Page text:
Youth football has an issue with physicality biasing perceptions of potential. The discussion regarding RAE is a lot more complex than purely dates of birth. Being born in quarter 1 (January, February, March) doesn’t mean you are necessarily more mature than an athlete born in quarter 4 (October, November, December) and indeed there are many January borns who are late maturing and many December borns who are early maturing. While early maturing players may gain initial selection and training advantages (Johnson et al. 2017), a danger exists where he/she may rely on physical dominance, perhaps not diversifying skills or not experiencing any ‘rocky road’ (Collins & McNamara, 2012) in development and can be overtaken when others catch up (if anyone else has managed to stay in the system!). Below is a graph of Man Utd and Aspire academy research on biological maturity of players).

Added this to the RAE reversal which is seen in some professional leagues (where the difference in numbers between quarters narrows or sometimes disappears), it is quite a complex discussion which needs input from all stakeholders in development (the athlete themselves, Governing Body, administrators, coaches, parents). Thus, the wider discussion should be focused not on when someone was born but on how to provide adequate challenge and opportunities for all. How can we ensure enough initial opportunities for later maturers on development pathways, yet also challenge our early maturers technically and tactically.

How to reduce?
There is no silver bullet. Potential strategies must be relevant and applicable to the context. Early competitive structures can drive up the RAE so Governing bodies should reflect on their structures, also consider how flexible those structures are. For example, is playing up or down an option? Both can be effective if managed carefully. Commit to implementing strategies to try to reduce the potential drop-out and narrowing of talent pools (enforcing quotas have been trialed, rotating cut-off dates, supporting complementary strategies e.g. bio-banding or average age tournaments). Keep as many players in the talent pool as possible and give as many opportunities as possible. Is awareness of the impact of maturation a component on coach education programmes? Awareness helps to reduce the impact of RAE and emphasis on maturation.

Thank you for reading this short snippet of RAE literature! You can contact me via email on laurafinnegan82@yahoo.co.uk and I’ll be happy to chat more!

References:

  • Baxter-Jones, A., 1995. Growth and development of young athletes: Should competition levels be age related?. Sports Medicine, Volume 20, pp. 59-64.
  • Beunen, G., Malina, R., Van Hof, M. & Simons, J., 1988. Adolescent growth and motor performance: A longitudinal study of Belgian boys. Champaigh, IL: Human Kinetics.
  • Bisanz, J., Morrison, F. J. & Dunn, M., 1995. Effects of age and schooling on the acquisition of elementary quantitative skills. Developmental Psychology, Volume 31, pp. 221-236.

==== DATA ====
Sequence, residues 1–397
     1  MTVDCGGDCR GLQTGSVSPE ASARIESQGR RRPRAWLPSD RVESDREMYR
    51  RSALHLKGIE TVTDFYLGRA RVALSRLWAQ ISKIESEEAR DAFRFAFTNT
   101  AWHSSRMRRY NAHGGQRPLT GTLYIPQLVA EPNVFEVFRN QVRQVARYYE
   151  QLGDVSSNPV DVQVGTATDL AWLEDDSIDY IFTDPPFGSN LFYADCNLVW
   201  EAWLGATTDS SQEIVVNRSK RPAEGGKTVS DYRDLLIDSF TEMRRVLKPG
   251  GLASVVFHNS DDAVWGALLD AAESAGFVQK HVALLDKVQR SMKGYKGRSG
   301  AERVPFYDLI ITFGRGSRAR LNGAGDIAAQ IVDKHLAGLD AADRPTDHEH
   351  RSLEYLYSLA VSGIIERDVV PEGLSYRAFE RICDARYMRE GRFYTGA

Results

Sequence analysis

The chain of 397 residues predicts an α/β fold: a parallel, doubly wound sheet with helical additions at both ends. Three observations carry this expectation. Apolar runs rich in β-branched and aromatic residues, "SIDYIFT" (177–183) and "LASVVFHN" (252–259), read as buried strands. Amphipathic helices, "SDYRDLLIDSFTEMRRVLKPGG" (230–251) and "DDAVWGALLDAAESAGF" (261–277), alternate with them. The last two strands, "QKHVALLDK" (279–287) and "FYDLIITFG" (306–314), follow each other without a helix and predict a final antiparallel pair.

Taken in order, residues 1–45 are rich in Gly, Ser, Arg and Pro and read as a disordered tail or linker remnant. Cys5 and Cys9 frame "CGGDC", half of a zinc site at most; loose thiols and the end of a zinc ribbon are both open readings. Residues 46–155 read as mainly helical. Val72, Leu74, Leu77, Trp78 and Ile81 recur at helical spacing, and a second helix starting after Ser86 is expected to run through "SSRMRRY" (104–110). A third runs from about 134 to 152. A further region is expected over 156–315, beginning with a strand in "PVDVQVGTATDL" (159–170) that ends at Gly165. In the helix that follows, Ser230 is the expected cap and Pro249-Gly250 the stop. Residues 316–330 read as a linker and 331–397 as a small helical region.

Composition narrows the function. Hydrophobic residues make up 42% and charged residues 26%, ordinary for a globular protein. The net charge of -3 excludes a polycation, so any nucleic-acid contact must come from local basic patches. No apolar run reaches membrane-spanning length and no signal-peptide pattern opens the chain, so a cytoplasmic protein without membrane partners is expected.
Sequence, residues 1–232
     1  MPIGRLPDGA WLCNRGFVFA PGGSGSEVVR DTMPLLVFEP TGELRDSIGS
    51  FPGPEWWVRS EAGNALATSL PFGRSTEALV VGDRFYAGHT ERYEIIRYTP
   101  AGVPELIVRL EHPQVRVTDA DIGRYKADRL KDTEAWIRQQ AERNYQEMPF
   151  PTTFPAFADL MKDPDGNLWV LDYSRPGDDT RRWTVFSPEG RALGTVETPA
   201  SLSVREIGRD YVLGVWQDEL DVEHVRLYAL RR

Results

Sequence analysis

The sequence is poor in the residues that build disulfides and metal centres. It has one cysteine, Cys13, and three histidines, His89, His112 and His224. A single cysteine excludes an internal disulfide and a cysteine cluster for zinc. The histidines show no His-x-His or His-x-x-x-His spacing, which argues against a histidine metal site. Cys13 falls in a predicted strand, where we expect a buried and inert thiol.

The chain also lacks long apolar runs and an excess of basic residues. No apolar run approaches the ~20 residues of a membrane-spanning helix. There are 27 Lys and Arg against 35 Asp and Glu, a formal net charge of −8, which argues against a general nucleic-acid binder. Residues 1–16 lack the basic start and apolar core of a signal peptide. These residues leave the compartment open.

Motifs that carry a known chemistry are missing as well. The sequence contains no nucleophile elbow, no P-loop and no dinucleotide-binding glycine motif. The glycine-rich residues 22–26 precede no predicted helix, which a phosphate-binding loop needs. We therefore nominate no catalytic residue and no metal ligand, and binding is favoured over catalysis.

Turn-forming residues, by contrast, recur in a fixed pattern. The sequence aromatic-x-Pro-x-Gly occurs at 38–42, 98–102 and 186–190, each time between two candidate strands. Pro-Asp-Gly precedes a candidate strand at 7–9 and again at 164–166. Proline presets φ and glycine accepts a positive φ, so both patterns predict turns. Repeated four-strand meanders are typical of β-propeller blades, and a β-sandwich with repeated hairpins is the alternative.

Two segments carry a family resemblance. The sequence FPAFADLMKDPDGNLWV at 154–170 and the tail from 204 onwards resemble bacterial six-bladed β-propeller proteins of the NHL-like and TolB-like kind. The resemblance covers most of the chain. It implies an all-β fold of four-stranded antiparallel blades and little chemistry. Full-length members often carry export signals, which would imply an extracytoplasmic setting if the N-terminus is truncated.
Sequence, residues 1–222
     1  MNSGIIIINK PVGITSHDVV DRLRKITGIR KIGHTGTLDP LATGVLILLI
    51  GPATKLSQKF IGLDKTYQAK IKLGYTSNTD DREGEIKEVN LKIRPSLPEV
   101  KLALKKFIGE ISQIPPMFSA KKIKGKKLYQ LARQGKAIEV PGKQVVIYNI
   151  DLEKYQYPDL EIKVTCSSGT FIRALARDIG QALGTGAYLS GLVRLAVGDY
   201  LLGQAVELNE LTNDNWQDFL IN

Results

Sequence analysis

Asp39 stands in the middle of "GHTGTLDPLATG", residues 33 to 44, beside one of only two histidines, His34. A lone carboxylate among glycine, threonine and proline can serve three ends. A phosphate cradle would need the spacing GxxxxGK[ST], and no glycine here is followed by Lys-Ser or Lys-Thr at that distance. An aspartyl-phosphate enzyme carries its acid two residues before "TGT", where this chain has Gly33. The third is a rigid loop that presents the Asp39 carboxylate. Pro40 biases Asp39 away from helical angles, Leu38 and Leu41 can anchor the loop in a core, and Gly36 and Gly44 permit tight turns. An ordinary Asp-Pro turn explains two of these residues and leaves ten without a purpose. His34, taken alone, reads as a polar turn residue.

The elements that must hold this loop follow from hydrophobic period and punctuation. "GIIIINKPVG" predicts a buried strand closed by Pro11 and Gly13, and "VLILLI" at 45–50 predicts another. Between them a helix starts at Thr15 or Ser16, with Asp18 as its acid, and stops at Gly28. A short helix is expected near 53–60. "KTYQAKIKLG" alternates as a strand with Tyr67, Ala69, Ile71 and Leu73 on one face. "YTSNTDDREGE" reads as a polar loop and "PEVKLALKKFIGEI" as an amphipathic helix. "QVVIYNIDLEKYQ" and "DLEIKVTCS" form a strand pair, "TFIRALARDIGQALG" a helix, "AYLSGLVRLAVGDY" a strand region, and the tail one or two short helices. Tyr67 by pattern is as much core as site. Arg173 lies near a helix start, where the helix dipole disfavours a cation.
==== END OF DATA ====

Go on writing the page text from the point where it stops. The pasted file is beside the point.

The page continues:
• Borms, J., 1986. The child and exercise: An overview. Journal of Sport Sciences, Volume 4, pp. 3-20.
  • Collins, D., and MacNamara, Á (2012). The rocky road to the top: why talent needs trauma. Sports Med. 42, 907–914. doi: 10.1007/BF03262302
  • Delorme, N. & Raspaud, M., 2009. The relative age effect in young French basketballers: A study on the whole population. Scandanavian Journal of Medicine and Science in Sports, Volume 19, pp. 235-242.
  • Delorme, N., Boiché, J., & Raspaud, M. (2010). Relative age effect in elite sports: Methodological bias or real discrimination? European Journal of Sport Science, 10(2), 91–96. doi: 10.1080/17461390903271584
  • Dhuey, E. & Lipscomb, S., 2008. What makes a leader? Relative age and high school leadership. Economics of Education Review, Volume 27, pp. 173-183.
  • Gil, S. ., Badiola, A., Bidaurrazaga-Letona, I., Zabala-Lili, J., Gravina, L., Santos-Concejero, J., … Granados, C. (2013). Relationship between the relative age effect and anthropometry,maturity and performance in young soccer players. Journal of Sport Sciences, 1–9. http://doi.org/10.1080/02640414.2013.832355
  • Grondin, S., Deshaies, P. & Nault, L., 1984. Trimestres de naissance et participation au hockey et au volleyball.. La Revue Quebecoise de l’Activite Physique, Volume 2, pp. 97-103.
  • Johnson, A., Farooq, A. & Whiteley, R. (2017) Skeletal maturation status is more strongly associated with academy selection than birth quarter,Science and Medicine in Football, 1:2, 157-163, DOI: 10.1080/24733938.2017.1283434
  • Jimenez, I. P., & Pain, M. T. (2008). Relative age effect in Spanish association football: Its extent and implications for wasted potential. Journal of Sports Sciences, 26(10), 995–1003. doi: 10.1080/02640410801910285
  • Malina, R., Bouchard, C. & Bar-Or, O., 2004. Growth, maturation and physical activity. Champaign, IL: Human Kinetics.
  • Malina, R., Bouchard, C. & Bar-Or, O., 2004. Growth, maturation and physical activity. Champaign, IL: Human Kinetics.
  • Ostojic, S.M., Castagna, C., Calleja-González, J., Jukic, I., Idrizovic, K. & Stojanovic, M. (2014) The Biological Age of 14-year-old Boys and Success in Adult Soccer: Do Early Maturers Predominate in the Top-level Game?, Research in Sports Medicine: An International Journal, 22:4, 398-407, DOI: 10.1080/15438627.2014.944303
  • Philippaerts, R. et al., 2006. The relationship between peak height velocity and physical performance in youth soccer players. Journal of Sports Sciences, 24(3), pp. 221-230.
  • Salinero, J., & Pérez, B., & Burillo, P., & Lesma, M. (2013). Relative age effect in european professional football. Analysis by position. Journal of Human Sport and Exercise, 8 (4), 966-973. 
    Thompson, A., Barnsley, R. & Battle, J., 2004. The relative age effect and the development of self-esteem. Educational Research, 46(3), pp. 313-320.